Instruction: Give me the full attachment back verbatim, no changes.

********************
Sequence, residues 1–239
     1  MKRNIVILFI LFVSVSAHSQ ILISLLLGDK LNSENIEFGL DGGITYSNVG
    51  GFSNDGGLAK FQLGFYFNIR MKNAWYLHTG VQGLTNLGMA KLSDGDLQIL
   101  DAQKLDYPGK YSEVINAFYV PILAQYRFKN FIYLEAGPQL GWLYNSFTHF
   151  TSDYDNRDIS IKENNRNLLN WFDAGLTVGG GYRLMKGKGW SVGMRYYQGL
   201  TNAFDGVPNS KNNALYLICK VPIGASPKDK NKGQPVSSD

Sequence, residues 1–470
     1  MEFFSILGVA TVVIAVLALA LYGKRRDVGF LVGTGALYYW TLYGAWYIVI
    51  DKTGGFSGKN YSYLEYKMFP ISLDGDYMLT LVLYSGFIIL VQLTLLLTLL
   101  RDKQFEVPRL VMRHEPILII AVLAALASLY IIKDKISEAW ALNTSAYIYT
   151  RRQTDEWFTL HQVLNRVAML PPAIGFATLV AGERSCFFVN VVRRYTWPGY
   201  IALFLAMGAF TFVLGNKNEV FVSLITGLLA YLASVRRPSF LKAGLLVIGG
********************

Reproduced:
Sequence, residues 1–239
     1  MKRNIVILFI LFVSVSAHSQ ILISLLLGDK LNSENIEFGL DGGITYSNVG
    51  GFSNDGGLAK FQLGFYFNIR MKNAWYLHTG VQGLTNLGMA KLSDGDLQIL
   101  DAQKLDYPGK YSEVINAFYV PILAQYRFKN FIYLEAGPQL GWLYNSFTHF
   151  TSDYDNRDIS IKENNRNLLN WFDAGLTVGG GYRLMKGKGW SVGMRYYQGL
   201  TNAFDGVPNS KNNALYLICK VPIGASPKDK NKGQPVSSD

Sequence, residues 1–470
     1  MEFFSILGVA TVVIAVLALA LYGKRRDVGF LVGTGALYYW TLYGAWYIVI
    51  DKTGGFSGKN YSYLEYKMFP ISLDGDYMLT LVLYSGFIIL VQLTLLLTLL
   101  RDKQFEVPRL VMRHEPILII AVLAALASLY IIKDKISEAW ALNTSAYIYT
   151  RRQTDEWFTL HQVLNRVAML PPAIGFATLV AGERSCFFVN VVRRYTWPGY
   201  IALFLAMGAF TFVLGNKNEV FVSLITGLLA YLASVRRPSF LKAGLLVIGG